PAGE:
In one of the most stunning upsets in the past decade, American teenager Sloane Stephens shocked tournament favorite Serena Williams 3-6 7-5 6-4 to charge into the semifinals of Australian Open.
Even though five-time Australian Open champion Williams aggravated a back injury in the second set that clearly affected her at the end of that set and at the beginning of the third set, she did regain much of her power at the end of the third set, but it didn't matter, as Stephens played more ambitiously and executed when she had too.
Stephens out-hit Williams from her forehand side, kept moving forward and won key points at the net, and even after she was broken to 3-4 when Williams retrieved one of her cannon shots, she didn't fold. She continued to press Williams and moved her around from the backcourt and broke back to 4-4, when the 15-time Grand Slam champion committed two unforced errors.
Stephens, who had pressed her Fed Cup teammate in a straight-sets loss in Brisbane three weeks ago, had said before the match that she wasn't intimidated and she would bring everything she had to the court.
And that she did the next game. Serena – who had destroyed a racquet earlier in the set because she couldn’t find the rhythm that had won her 20 straight matches coming into the contest – held a break point, but netted a backhand return.
“You're playing Serena, one of the best competitors in the world,” Stephens said. “She might smash a racquet, but she's still going to play hard. It was definitely like, ‘Wow, that just happened’. But it was more like, ‘OK, now you even have to play harder because she's going to be firing’.”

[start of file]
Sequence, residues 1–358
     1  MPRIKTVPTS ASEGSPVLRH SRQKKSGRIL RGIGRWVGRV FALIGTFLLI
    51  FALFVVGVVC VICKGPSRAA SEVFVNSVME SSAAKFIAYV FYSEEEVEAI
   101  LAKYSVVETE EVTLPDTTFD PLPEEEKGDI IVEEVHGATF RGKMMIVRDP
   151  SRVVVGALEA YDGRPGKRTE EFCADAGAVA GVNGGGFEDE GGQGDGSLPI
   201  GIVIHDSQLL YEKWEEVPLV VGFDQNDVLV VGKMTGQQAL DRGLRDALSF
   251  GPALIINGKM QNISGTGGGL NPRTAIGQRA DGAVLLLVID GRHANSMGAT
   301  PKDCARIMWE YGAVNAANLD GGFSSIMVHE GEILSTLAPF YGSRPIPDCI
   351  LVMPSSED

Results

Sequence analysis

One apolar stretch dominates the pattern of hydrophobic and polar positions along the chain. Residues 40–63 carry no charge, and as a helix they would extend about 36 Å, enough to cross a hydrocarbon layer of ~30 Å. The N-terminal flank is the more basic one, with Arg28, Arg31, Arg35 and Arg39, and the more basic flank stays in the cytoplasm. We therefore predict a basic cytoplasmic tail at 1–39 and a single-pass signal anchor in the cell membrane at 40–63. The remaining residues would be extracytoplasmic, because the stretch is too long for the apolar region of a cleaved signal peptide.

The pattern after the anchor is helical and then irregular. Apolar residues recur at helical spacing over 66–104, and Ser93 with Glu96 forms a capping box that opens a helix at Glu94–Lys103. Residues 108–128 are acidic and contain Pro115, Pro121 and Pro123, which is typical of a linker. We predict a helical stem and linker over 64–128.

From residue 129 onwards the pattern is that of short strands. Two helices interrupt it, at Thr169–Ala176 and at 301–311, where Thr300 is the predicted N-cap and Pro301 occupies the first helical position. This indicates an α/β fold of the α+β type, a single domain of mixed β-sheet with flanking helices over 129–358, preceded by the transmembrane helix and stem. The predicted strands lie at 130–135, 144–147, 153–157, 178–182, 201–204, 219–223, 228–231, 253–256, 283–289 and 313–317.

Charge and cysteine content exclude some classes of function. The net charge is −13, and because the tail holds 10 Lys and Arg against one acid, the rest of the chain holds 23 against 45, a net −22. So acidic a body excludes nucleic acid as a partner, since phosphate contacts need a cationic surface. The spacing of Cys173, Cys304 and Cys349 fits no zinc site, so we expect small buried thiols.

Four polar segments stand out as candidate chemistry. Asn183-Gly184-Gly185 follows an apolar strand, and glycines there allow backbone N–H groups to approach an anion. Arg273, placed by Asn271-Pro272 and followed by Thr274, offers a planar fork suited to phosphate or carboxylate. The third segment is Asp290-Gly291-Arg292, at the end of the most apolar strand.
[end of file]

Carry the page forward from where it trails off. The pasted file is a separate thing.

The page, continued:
Stephens eventually held when she whipped a forehand pass and Williams committed a forehand error.
The daughter of a now deceased American football star, the speedy Stephens knew she would have a great chance to close in the next game and did, playing like a grizzled veteran rather than a rookie in her first Grand Slam quarterfinal appearance.
She played steady, while Serena – clearly affected by seeing a youngster matching her stroke for stroke – fell apart, and committed three unforced errors to lose the match.
Stephens, who has a poster of Serena at her Los Angeles home and just last year at the Australian Open described Williams as her “tennis god,” said with a smile on her face: “I think I need a poster of myself.
Here mental, technical and physical improvements have been substantial since then which she chalks up to more than two months of hard work during the offseason.
“I definitely improved a lot,” said Stephens who converted 18 of her 20 net approaches. “Definitely last year it was all new to me and it was just kind of a new experience. It was the first time [playing her in Brisbane], so it was tough. But the first time you do anything it's tricky. I think I was kind of just ready to play.”
Within a two hour and 13 minute time span, she became an instant celebrity. Her mobile phone had over 200 incoming messages. Her twitter followers more than doubled from 17,000 followers to more than 35,000.
“[Singer] John Legend tweeted me. [Basketball star] Dirk Nowitski tweeted me. I'm just excited. I want John Legend to sing at my wedding. I was like, ‘Oh, my God. He tweeted me’.”
Stephens will play top seed and defending champion Victoria Azarenka in the semifinal.